Federal Government Reform

Ian Jeffrey

Council Hall
Mar 2013
Vulcan, down the street from Darth Vader
As to executive orders, they can only be used as instructions to the subordinate departments of the executive branch as to how the law (including constitutional powers of the executive) should be executed. The president cannot use them to make his own law out of nowhere. We do not, IMO, need a constitutional amendment for this purpose; it is already part of the system. Rather, it would be appropriate for EOs that operate outside that context to be judicially challenged, so that the courts can decide whether any given EO is based on enforcement of existing law or not.
Likes: Tennyson
Sep 2014
I was referring to the President's constitutional duty to enforce laws. Yes, he has powers granted that are not directly related to the legislature (e.g., to appoint judges), but for the most part his job is to execute the law. Apart from his separate constitutional powers, though, he has no authority but what Congress gives him (assuming that grant of power is constitutional to begin with).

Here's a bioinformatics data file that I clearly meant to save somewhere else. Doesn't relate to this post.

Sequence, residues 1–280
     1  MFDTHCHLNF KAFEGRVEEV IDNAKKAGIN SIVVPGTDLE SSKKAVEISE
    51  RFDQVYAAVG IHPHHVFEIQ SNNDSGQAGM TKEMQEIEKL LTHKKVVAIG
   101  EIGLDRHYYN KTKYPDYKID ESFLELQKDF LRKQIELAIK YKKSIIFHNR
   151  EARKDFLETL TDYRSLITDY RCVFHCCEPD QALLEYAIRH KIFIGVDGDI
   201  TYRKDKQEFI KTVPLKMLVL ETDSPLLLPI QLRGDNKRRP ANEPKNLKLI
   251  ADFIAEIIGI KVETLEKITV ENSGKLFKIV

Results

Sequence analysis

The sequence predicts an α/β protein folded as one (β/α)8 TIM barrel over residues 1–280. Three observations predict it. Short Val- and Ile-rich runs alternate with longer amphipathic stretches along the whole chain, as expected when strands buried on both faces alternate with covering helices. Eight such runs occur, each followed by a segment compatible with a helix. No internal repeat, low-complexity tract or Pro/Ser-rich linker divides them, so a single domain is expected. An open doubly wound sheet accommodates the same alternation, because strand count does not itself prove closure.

(And, of course, the part of #3 that makes no sense is where it says "[t]he powers of the President within the cabinet," since the cabinet is made up of officers appointed by the President anyway (with the Senate's consent) and they are subordinate to him.)
I agree. There are more plenary powers than that. There are broad plenary powers in the war powered regarding the president's determination of an attack on the country and the border. When then Philadelphia Convention debated the four clauses of eliminating the King's prerogative regarding war or insurrection, it was split down the middle. It is a legal slippery slope when Congress attempts to breach the separation of doctrine; Congress' granting the president legislative powers is not supported by the Constitution.